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Title: Design and Construction of an Ultra-Low-Background 14 Crystal Germanium Array for High Efficiency and Coincidence Measurements

Abstract

ABSTRACT Physics experiments, environmental surveillance, and treaty verification techniques continue to require increased sensitivity for detecting and quantifying radionuclides of interest. This can be done by detecting a greater fraction of gamma emissions from a sample (higher detection efficiency) and reducing instrument backgrounds. A current effort for increased sensitivity in high resolution gamma spectroscopy will produce an intrinsic germanium (HPGe) array designed for high detection efficiency, ultra-low-background performance, and useful coincidence efficiencies. The system design is optimized to accommodate filter paper samples, e.g. samples collected by the Radionuclide Aerosol Sampler/Analyzer (RASA). The system will provide high sensitivity for weak collections on atmospheric filter samples, as well as offering the potential to gather additional information from more active filters using gamma cascade coincidence detection. The current effort is constructing an ultra-low-background HPGe crystal array consisting of two vacuum cryostats, each housing a hexagonal array of 7 crystals on the order of 70% relative efficiency per crystal. Traditional methods for constructing ultra-low-background detectors are used, including use of materials known to be low in radioactive contaminants, use of ultra pure reagents, clean room assembly, etc. The cryostat will be constructed mainly from copper electroformed into near-final geometry at PNNL. Details of themore » detector design, simulation of efficiency and coincidence performance, HPGe crystal testing, and progress on cryostat construction are presented.« less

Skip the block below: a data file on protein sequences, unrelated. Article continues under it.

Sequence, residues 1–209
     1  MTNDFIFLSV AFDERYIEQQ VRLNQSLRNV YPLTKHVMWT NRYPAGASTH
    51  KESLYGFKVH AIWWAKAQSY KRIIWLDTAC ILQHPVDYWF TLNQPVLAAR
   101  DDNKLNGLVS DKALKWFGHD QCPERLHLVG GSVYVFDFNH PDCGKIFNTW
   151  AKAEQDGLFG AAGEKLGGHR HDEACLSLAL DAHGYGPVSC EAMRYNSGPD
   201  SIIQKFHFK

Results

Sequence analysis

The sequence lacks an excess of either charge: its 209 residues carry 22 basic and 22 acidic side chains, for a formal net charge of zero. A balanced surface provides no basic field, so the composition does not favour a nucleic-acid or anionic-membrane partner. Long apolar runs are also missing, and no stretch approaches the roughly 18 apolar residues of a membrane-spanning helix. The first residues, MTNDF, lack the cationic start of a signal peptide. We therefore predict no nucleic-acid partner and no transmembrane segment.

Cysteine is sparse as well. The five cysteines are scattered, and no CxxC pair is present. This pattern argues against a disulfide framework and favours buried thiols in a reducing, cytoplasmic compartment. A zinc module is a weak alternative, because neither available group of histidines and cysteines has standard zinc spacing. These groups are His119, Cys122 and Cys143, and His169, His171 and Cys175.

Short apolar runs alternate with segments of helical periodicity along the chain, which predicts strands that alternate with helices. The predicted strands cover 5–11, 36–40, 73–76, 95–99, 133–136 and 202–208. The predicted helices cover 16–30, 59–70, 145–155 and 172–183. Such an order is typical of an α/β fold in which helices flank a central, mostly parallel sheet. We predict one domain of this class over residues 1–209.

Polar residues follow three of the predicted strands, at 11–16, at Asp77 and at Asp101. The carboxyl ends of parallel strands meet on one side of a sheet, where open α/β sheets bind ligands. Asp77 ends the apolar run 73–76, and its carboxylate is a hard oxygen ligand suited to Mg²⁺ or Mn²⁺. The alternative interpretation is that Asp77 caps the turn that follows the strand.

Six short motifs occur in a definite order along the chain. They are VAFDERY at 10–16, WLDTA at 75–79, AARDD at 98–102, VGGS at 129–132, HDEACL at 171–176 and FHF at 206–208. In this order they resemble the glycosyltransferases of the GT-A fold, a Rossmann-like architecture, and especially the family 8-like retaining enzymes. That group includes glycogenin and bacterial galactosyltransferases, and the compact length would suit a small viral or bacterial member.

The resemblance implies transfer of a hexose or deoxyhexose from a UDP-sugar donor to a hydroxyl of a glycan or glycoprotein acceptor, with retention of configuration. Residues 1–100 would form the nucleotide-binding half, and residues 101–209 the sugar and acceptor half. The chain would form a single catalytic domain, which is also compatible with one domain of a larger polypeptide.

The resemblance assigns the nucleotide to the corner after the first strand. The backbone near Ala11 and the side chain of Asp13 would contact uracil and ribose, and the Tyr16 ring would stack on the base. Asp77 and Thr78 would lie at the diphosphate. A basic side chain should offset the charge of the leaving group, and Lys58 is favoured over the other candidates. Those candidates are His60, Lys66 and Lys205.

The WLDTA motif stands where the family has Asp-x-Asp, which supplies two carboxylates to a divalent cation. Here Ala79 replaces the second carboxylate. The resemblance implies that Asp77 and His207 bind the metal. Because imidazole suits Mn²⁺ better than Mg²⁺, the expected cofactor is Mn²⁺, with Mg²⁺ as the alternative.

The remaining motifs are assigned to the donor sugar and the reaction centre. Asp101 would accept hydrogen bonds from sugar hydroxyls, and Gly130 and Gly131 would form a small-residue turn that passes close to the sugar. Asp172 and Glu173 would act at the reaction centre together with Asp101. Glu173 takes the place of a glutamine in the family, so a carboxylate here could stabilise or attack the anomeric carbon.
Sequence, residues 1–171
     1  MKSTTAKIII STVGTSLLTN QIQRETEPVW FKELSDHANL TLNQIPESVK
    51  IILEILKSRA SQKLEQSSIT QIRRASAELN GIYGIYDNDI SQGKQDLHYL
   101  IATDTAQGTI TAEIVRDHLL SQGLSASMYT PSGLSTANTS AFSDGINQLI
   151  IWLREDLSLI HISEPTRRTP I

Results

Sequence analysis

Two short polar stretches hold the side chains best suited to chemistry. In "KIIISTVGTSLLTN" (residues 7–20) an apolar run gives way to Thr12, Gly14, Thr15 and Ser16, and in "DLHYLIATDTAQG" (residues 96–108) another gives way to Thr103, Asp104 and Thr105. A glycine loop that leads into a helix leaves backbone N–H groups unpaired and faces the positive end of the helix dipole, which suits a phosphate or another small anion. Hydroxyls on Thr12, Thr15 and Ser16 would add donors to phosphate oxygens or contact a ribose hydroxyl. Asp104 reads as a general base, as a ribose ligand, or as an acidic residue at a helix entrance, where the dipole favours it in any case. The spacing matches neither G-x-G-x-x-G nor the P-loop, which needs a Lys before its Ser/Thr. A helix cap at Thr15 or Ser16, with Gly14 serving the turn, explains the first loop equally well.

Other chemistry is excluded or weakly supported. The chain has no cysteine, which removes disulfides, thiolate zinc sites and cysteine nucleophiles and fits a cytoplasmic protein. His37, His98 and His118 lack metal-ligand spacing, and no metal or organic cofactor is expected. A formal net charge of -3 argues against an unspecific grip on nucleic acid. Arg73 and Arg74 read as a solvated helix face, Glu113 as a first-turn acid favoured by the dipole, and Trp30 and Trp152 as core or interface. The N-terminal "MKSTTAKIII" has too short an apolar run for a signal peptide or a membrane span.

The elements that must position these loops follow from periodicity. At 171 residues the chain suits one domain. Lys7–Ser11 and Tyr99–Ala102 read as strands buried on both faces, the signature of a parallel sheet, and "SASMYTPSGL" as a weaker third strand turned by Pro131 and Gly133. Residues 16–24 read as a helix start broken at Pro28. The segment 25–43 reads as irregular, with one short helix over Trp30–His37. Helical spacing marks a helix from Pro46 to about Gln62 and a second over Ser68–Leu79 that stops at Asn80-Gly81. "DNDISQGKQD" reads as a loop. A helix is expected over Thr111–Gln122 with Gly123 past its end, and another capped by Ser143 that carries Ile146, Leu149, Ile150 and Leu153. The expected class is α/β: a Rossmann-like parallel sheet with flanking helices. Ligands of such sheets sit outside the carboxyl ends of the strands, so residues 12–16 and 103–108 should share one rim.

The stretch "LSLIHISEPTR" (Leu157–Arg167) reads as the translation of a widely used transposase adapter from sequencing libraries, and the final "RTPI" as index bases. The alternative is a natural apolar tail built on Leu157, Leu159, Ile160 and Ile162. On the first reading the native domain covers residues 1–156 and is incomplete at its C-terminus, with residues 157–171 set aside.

Authors:
; ; ; ; ; ; ; ; ;
Publication Date:
Research Org.:
Pacific Northwest National Lab. (PNNL), Richland, WA (United States)
Sponsoring Org.:
USDOE
OSTI Identifier:
972545
Report Number(s):
PNNL-SA-67535
Journal ID: ISSN 0236-5731; JRNCDM; NN2003000; TRN: US1001608
DOE Contract Number:
AC05-76RL01830
Resource Type:
Journal Article
Resource Relation:
Journal Name: Journal of Radioanalytical and Nuclear Chemistry, 282(3):703-708; Journal Volume: 282; Journal Issue: 3
Country of Publication:
United States
Language:
English
Subject:
38 RADIATION CHEMISTRY, RADIOCHEMISTRY, AND NUCLEAR CHEMISTRY; AEROSOLS; CLEAN ROOMS; CONSTRUCTION; COPPER; CRYOSTATS; DESIGN; DETECTION; EFFICIENCY; GAMMA CASCADES; GAMMA SPECTROSCOPY; GEOMETRY; GERMANIUM; PHYSICS; RADIOISOTOPES; RESOLUTION; SENSITIVITY; TESTING; VERIFICATION; Ultra-Low-Background; Germanium; Coincidence Measurements Detecting and quantifying; Radionuclides; Low background gamma spectroscopy; High resolution gamma spectroscop Intrinsic germanium array; Gamma coincidence detection

Citation Formats

Keillor, Martin E., Aalseth, Craig E., Day, Anthony R., Fast, James E., Hoppe, Eric W., Hyronimus, Brian J., Hossbach, Todd W., Miley, Harry S., Seifert, Allen, and Warren, Glen A. Design and Construction of an Ultra-Low-Background 14 Crystal Germanium Array for High Efficiency and Coincidence Measurements. United States: N. p., 2009. Web. doi:10.1007/s10967-009-0248-7.
Keillor, Martin E., Aalseth, Craig E., Day, Anthony R., Fast, James E., Hoppe, Eric W., Hyronimus, Brian J., Hossbach, Todd W., Miley, Harry S., Seifert, Allen, & Warren, Glen A. Design and Construction of an Ultra-Low-Background 14 Crystal Germanium Array for High Efficiency and Coincidence Measurements. United States. doi:10.1007/s10967-009-0248-7.